HDM extracts were shown to induce CCL20 secretion in airway epithelial cells for the recruitment of immature DCs to the lung  through a TLR-independent, protease-independent process. The CCL20 production was drastically reduced following the treatment of HDM extracts with β-glucanase or the competition with β-glucans. Consequently, CCL20 secretion could be more likely mediated by ligation of HDM-derived β-glucans to the C-type lectin receptor Dectins. Whether Dectin-1 is expressed predominantly on the surface of myeloid lineage cells, it is noteworthy that some papers reported that Dectin-1 expression is inducible in airway epithelium incubated with fungal allergens . Such upregulation of Dectin-1 expression was not evaluated to date for HDM-activated airway epithelial cells. The importance of CLR activation in the HDM allergic responses was also supported by data showing that DCs treated with HDM extracts produced cysteinyl leukotrienes (Cys-LTs) through Dectin-2 activation by unidentified glycan-derived molecules . Moreover, Dectin-2 is critical for the development of HDM-induced influx of eosinophils, neutrophils into the lungs, and the generation of Th2 cytokines .
Glycan structures of Der p 1 and Der p 2 were shown to promote the uptake of these allergens by DCs following binding with mannose receptor and DC-SIGN [68, 69]. The mannose receptor engagement played a key role in the Th2 polarization through modulation of indoleamine 2,3-dioxygenase (IDO) activity. Binding of the naturally glycosylated Der p 2 to DC-SIGN on DCs elicited the release of TNF-α, whereas the unglycosylated recombinant form was ineffective in the receptor activation . The production of TSLP in the bronchial epithelial cell lines BEAS-2B activated by natural Der p 1 was clearly dependent on the presence of the allergen glycosylation . It was also showed that monocyte-derived DCs (MDDCs) from HDM-sensitized asthmatics exhibited decreased expression of DC-SIGN, increased endocytosis, and impaired differentiation of DC precursors compared with MDDCs from healthy subjects . DC/T co-culture experiments using MDDCs pretreated with Der p induced GATA-3 expression and IL-4 production in naive Th cells. These effects of Der p on the differentiation and function of MDDCs could be partially blocked by anti-DC-SIGN antibodies suggesting that DC-SIGN could play a critical role in HDM sensitization .
Chitin, a polymer of β-(1–4)-poly-N-acetyl-D-glucosamine repeating units, constitutes the HDM exoskeleton and was also found in the mite faeces. Chitin, through stimulation of at least TLR2, Dectin-1 or mannose receptor, was able to polarize Th1, Th2, and Th17 immune responses . This immunomodulation was clearly dependent on the size of the chitin polymers. The in vivo chitin administration was shown to recruit IL-4-positive innate immune cells, including eosinophils and basophils . Recently, chitin was shown to stimulate CCL2 secretion from airway epithelial cells and induce CCR2-dependent innate allergic inflammation in the lung . Taken together, chitin could more likely play a role in the innate immunity activation by HDM but the precise mechanisms remain to be elucidated.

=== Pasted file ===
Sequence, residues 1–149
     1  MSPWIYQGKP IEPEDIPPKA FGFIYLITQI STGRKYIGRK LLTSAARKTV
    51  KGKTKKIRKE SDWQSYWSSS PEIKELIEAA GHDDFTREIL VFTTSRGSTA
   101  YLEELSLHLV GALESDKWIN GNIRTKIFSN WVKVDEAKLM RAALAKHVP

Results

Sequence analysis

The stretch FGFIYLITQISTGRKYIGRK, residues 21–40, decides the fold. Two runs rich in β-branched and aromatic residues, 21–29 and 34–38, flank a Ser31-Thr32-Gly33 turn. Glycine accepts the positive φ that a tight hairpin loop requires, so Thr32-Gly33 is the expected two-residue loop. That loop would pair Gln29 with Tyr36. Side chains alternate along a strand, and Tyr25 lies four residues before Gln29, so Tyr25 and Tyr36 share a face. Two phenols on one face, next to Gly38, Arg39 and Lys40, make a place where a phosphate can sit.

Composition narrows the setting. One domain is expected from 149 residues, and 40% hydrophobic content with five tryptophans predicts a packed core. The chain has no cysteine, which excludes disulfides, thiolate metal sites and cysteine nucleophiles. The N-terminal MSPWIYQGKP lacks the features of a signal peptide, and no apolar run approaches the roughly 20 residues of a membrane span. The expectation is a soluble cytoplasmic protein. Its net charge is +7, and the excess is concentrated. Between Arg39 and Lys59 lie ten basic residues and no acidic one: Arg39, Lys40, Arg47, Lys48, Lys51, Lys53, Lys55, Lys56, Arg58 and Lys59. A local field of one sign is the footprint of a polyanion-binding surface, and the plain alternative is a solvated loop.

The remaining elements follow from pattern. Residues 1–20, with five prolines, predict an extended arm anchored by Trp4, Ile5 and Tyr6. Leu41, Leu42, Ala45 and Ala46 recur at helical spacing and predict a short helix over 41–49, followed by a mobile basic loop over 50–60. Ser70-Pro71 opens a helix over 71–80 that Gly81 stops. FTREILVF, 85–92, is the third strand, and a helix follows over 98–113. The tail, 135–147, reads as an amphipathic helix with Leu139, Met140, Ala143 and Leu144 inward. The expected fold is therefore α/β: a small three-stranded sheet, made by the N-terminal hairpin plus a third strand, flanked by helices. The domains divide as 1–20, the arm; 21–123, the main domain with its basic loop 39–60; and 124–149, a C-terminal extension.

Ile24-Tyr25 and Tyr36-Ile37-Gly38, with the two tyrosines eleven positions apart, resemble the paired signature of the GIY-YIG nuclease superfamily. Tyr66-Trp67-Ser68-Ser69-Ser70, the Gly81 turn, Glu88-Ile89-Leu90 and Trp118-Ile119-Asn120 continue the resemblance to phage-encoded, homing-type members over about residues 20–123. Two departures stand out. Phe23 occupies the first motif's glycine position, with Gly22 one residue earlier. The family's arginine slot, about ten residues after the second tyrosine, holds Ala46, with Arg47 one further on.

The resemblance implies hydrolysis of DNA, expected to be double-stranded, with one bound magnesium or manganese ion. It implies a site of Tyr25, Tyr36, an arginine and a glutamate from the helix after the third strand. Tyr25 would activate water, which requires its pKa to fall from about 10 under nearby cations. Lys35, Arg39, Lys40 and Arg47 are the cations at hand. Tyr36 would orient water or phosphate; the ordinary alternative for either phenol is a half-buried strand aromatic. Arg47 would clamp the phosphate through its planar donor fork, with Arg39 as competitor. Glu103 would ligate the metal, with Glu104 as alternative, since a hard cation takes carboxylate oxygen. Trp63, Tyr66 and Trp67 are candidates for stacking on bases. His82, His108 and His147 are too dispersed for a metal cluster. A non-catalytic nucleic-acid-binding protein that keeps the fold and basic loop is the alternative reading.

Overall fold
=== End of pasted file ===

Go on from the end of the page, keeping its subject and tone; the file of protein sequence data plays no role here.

Although mammals do not produce chitin, acidic mammalian chitinase (AMCase) and the chitinase-like protein (CLP) are not only expressed in these organisms but upregulated in asthmatic patients . Moreover, in an aeroallergen asthma model, AMCase was induced via a Th2-specific, IL-13-mediated pathway in epithelial cells and macrophages . However, the inhibition of the chitinolytic activity through in vivo AMCase inhibitor administration as well as the modulation of AMCase gene expression by using AMCase transgenic or gene deficient mice had no real impact on the severity of the airway inflammation . At least, HDM group allergen 15 and 18 displayed sequence homology with chitinases . However, their contribution in the HDM-induced innate immunity activation was not yet explored.
8. Role of NLR Activation in HDM Allergy
To date, the innate immunity activation by HDM through NRL pathways was poorly characterized. Partial and contrasting results were reported only for the role of NLRP3 inflammasome: a cytosolic multiprotein complex associating a NLR oligomer with the NLR adaptor protein PYCARD (ASC) and caspase-1 . Once the inflammasome is formed following stimulation, caspase-1 becomes activated and cleaves pro-IL-1β and pro-IL-18 into their mature cytokines. Wild-type and NLRP3-deficient mice developed comparable allergic airway inflammation induced by HDM extracts suggesting that NLRP3 does not contribute to the HDM allergic response [79, 80]. However, the activation of human keratinocytes with HDM extracts triggered caspase-1 activation and promoted the caspase-dependent release of IL-1β and IL-18 suggesting the importance of the inflammasome engagement in the pathogenesis of AD . The assembly of NLRP3 inflammasome through the HDM cysteine protease Der p 1 was clearly evidenced in those cells.
Uric acid crystals is a well-known DAMP released from stressed or necrotic cells which induced neutrophilic inflammation through engagement of the NLRP3 inflammasome and release of IL-1β [82, 83]. It was recently showed that intranasal HDM extracts administration leads to a drastic TLR4-dependent increase of uric acid concentration in BAL fluid and lungs . Intratracheal administration of uricase at the time of sensitization strongly decreased the typical airway allergic inflammation. Surprisingly, the uric acid-mediated Th2 allergic response occurred independently from NLRP3, Pycard, MyD88, or IL-1R but resulted from DC activation through spleen tyrosine kinase and PI3-kinase δ signaling in a receptor-independent manner .